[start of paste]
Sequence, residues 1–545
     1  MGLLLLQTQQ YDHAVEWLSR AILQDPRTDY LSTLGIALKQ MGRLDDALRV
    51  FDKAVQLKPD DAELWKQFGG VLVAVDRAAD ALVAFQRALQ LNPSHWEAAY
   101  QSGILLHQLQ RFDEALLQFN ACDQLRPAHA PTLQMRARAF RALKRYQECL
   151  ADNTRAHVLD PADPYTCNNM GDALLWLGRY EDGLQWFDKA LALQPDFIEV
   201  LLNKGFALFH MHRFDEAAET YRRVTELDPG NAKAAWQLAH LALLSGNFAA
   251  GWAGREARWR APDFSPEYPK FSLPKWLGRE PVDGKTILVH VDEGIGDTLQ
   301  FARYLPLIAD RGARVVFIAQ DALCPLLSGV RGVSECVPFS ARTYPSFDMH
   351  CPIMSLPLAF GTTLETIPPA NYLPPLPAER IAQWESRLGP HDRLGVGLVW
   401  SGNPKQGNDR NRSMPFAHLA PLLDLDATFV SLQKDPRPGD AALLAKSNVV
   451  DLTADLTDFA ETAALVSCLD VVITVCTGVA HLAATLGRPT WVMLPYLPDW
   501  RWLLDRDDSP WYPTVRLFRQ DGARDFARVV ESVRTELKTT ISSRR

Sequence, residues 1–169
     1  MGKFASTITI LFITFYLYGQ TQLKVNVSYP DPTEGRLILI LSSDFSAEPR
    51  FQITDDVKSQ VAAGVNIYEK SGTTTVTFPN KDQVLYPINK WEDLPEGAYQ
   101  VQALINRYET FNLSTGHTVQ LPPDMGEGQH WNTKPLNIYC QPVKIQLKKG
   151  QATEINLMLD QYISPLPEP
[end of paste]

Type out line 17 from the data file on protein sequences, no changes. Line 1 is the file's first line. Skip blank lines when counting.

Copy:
   151  QATEINLMLD QYISPLPEP